By John Douramakos
Sex, drugs, music, Nixon, and Clinton. The next 30 years of American life saw huge (and sometimes controversial) changes in the political and social environments that were built since the end of World War II. Citizens continued to fight for their rights and many took advantage of this boost of freedom by using drugs and making love. The 1970s to the 1990s saw the last dying embers of the Cold War flicker out and with it less public anxiety in America. Although conflict was still present in the political landscape. Thankfully, music – especially rock music – helped alleviate some of the stress surrounding the next few presidents.
To many, the most important event in 1970 was the Beatles disbanding, and while they weren’t the only band in the world, this gave the opportunity for several other bands to thrust themselves into the spotlight. Over the next ten years, the Rolling Stones were considered by many as the best rock band in the world, U2 exploded onto the scene after beginning as a cover band for songs by the Beatles and the Stones, and Led Zeppelin sold 200 million records worldwide (Olsen, 2004).
Around this time, Richard Nixon was briefly President of the United States. His choice of campaign song was enthusiastic and highly customized for his re-election – “Nixon Now”. It was catchy, simple, and enthusiastic, and apparently helped him persuade the minds of the American public, as he would go on to win the 1972 election. His opponent’s choice? The Billboard hit “Bridge Over Troubled Water” by incredibly talented duo Simon & Garfunkel (Cozier, 2012). Even by today’s standards, this is one of the worst possible selections for a campaign song. Not only is it painfully slow and somber, it describes a romantic connection between two people, and McGovern clearly failed to win over the majority of public hearts with his campaign song.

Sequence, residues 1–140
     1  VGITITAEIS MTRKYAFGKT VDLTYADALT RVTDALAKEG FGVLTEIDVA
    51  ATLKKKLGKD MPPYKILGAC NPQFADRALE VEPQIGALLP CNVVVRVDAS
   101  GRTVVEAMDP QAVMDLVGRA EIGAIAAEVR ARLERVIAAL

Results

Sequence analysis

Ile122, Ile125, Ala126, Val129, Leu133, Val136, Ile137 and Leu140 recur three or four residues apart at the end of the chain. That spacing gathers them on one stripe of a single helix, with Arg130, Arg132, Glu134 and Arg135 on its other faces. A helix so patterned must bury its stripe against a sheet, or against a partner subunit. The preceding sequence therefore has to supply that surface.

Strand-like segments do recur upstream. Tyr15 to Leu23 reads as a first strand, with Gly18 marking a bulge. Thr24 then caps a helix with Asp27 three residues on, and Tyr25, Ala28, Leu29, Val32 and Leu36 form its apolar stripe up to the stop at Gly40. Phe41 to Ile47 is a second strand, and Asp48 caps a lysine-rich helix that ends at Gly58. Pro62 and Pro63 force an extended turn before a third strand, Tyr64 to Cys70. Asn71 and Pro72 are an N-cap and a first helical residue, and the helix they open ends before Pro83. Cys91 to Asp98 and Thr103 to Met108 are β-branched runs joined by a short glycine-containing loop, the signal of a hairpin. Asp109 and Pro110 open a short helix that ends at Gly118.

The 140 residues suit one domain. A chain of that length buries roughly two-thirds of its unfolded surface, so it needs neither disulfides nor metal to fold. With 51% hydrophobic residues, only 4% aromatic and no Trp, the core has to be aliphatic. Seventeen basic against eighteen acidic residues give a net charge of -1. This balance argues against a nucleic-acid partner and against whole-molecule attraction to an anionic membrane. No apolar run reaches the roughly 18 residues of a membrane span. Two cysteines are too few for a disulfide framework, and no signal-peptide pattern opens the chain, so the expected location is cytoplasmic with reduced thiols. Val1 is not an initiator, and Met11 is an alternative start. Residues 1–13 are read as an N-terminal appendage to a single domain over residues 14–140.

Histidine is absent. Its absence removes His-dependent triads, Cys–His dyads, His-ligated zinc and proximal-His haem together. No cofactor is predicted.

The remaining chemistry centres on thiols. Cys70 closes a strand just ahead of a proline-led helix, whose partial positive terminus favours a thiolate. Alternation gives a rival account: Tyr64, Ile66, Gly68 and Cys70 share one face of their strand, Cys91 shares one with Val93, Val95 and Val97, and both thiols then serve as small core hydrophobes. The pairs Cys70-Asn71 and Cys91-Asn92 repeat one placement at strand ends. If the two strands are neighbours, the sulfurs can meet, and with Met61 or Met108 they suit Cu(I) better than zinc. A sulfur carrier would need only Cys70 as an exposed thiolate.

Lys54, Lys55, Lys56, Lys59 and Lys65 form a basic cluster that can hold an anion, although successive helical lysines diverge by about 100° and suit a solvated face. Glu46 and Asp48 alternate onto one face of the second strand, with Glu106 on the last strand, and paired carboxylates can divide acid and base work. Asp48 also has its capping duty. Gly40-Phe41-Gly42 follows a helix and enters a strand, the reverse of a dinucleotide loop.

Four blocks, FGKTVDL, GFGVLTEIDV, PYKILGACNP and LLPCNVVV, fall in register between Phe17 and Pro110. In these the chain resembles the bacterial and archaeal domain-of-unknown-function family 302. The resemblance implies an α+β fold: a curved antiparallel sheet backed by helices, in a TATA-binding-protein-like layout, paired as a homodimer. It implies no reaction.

As years passed and more campaign songs appeared, Ronald Reagan decided that he would capitalize on the increasingly popular rock music scene, which had been pumping out superstars and rock bands since the ‘70s. One of these artists was Bruce Springsteen, and one of his biggest songs to date is “Born in the USA”. Apparently unbeknownst to many politicians however, is the fact that the song famously criticizes the American government’s lack of support and overall mistreatment of war veterans returning from Vietnam (Cozier, 2012).
When Bill Clinton came into the presidential conversation in 1992, he utilized a very upbeat tune by Fleetwood Mac, one of the biggest rock and roll bands of the time. Fleetwood Mac reunited on stage for a live performance of “Don’t Stop” as part of his campaign, and even Michael Jackson made an appearance (Cozier, 2012).
This introduces an interesting question – what makes a campaign song effective? Is it the ability to become synonymous with the candidate? Or is it just a rallying point for voters to latch onto? Ted Brader discusses this point in “Striking a Responsive Chord: How Political Ads Motivate and Persuade Voters by Appealing to Emotions”.
Brader begins with asking whether political ads should play to emotion or if they should play to reason, though he is really worried about whether both are equally as integral to persuading the public. He notes that psychologists and political scientists have found “emotions play a fundamental role in reasoning and are as likely to enhance rationality as to subvert it” (Brader, 2005). Simply put, emotion has just as much positive effect on reasoning as it does negative.